To import the live overall performance score into Excel, start a new spreadsheet, switch to the Data tab, and click From Web. Enter your PageSpeed Insights API URL and hit OK:

Excel From Web data import
Excel From Web data import

Click Connect in the next dialog and keep the default (Anonymous) setting. You will proceed to the Query Settings tool:

Excel Query Settings Tool
Excel Query Settings Tool

Click Record on the right of the lighthouse result metric. Then click the same on categories and performance to drill down the JSON object hierarchy:

Excel JSON object drill-down
Excel JSON object drill-down

Click the Into Table icon at the top from the right-click menu options.

You can then click the filter arrow in the table heading to remove everything other than the score before clicking OK:

Excel imported table filtering
Excel imported table filtering

Finally, click Close & Load to show the live performance score in your spreadsheet:

Excel live data
Excel live data

You can follow the same process for other metrics of interest.

Create a Web Performance Dashboard

This Codepen demonstration provides a form where you can enter a URL and choose desktop or mobile analysis to obtain results.

The code creates a PageSpeed Insights URL, calls the API, then renders various results into a summary table which is quicker to view than a standard Lighthouse report:

Example test result from PageSpeed API
Example test result

The asynchronous startCheck() function is called when the form is submitted. It cancels the submit event and hides previous results:

// make API request
async function startCheck(e) {
show(resultTable, false);
show(error, false);

It then constructs apiURL from the form data and disables the fields:

form =,
fields = form.firstElementChild,
data = new FormData(form),
qs = decodeURIComponent( new URLSearchParams(data).toString() ),
apiURL = form.action + '?' + qs;
fields.disabled = true;

The Fetch API is used to call the PageSpeed URL, get the response, and parse the JSON string into a usable JavaScript object. A try/catch block ensures failures are captured:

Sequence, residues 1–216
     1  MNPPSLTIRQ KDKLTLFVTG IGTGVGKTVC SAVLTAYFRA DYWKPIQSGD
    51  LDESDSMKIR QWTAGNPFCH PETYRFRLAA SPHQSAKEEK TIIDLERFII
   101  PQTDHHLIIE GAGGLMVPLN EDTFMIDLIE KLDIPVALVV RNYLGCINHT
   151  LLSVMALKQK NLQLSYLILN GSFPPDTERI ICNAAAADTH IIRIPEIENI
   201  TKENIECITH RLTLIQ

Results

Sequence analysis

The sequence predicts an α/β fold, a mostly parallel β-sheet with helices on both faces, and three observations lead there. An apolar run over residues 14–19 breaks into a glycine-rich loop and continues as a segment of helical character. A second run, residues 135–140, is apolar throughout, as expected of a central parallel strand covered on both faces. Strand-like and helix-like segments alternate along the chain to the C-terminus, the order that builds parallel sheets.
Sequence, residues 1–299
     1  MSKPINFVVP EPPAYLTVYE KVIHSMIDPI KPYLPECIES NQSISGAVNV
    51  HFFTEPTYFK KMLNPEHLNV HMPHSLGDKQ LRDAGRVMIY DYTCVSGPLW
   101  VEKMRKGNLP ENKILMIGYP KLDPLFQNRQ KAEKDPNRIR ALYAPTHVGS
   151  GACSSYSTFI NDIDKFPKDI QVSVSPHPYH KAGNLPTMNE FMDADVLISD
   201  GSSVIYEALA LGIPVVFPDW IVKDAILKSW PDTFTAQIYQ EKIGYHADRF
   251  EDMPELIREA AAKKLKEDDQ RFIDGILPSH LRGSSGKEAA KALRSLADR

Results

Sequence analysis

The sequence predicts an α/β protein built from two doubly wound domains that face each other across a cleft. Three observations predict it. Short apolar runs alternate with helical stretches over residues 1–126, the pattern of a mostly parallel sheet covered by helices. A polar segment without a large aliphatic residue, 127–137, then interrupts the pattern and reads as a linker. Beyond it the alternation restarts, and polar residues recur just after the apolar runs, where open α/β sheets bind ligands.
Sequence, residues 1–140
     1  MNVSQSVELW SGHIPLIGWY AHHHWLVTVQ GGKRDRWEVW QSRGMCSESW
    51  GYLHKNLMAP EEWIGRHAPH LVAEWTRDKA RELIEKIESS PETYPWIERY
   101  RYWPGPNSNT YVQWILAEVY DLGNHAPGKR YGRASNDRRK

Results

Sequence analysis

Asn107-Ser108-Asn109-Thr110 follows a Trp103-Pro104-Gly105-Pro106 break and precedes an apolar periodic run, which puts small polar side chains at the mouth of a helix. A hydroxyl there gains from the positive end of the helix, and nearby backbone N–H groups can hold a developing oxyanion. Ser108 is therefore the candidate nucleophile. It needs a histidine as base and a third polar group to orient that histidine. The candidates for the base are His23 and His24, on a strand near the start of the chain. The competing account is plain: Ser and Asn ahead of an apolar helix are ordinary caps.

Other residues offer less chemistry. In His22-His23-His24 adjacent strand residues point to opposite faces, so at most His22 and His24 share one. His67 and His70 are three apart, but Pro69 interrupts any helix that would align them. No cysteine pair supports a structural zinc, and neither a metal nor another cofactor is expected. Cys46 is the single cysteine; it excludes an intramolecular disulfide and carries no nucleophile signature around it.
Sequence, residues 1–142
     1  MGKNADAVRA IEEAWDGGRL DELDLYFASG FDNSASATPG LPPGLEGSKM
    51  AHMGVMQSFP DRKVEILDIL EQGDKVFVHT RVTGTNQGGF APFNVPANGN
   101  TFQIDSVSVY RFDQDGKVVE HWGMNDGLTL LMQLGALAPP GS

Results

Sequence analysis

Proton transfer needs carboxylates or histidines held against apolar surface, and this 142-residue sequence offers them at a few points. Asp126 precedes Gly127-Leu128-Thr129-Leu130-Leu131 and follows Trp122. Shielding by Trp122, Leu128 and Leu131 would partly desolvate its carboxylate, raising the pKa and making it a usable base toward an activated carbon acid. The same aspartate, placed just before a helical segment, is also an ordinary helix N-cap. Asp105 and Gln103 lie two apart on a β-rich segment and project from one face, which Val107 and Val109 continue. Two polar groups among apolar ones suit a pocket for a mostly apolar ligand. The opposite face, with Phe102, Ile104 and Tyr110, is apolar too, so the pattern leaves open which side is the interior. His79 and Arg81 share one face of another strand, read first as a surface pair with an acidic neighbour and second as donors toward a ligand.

try {
// call API and get result
response = await fetch(apiURL),
result = await response.json();

The result object is passed to a showResult() function. This extracts properties and places them into the result table or any other HTML element which has data-point attribute set to a PageSpeed API property, e.g.

<td data-point="lighthouseResult.categories.performance.score"></td>

The end of the try block:

    // output result
show(status, false);

Finally, a catch block handles errors and the form fields are re-enabled so further tests can be run:

  catch(err) {
// API error
show(status, false);
fields.disabled = false;

Further Development Options

The example code above fetches a result from the PageSpeed Insights API when you request it. The report is more configurable than Lighthouse but execution remains a manual process.

If you intend to develop your own dashboard, it may be practical to create a small application that calls the PageSpeed Insights API and stores the resulting JSON in a new database record against the tested URL and the current date/time. Most databases have JSON support although MongoDB is ideally suited to the task. A cron job can call your application on a timed basis – perhaps once per day during the early hours of the morning.

A server-side application can then implement its own REST API to your reporting requirements, e.g. return the changes in specific performance metrics between two dates. It can be called by client-side JavaScript to display tables or charts that illustrate performance improvements over time.

If you want to create complex reports with significant quantities of data, it’s preferable to pre-calculate the figures once per day at the point new PageSpeed data is available. After all, you don’t want to show how performance is improving on a report which takes minutes to generate!


Chrome’s Lighthouse tool is fabulous but it’s a chore to frequently evaluate many pages. The PageSpeed Insights API allows you to assess site performance using programmatic techniques. The benefits:

  • Performance tests can be automated. You cannot forget to run a test.
  • Results are gathered on Google servers so local device and network speed factors have less influence.
  • Metrics include information that is not usually available in Lighthouse.
  • Important metrics can be recorded and monitored over time to ensure page performance has improved with each update.
  • Performance, accessibility, and SEO information can be shown on simplified reports so it’s available at a glance to developers, managers, and clients.
Craig Buckler

Freelance UK web developer, writer, and speaker. Has been around a long time and rants about standards and performance.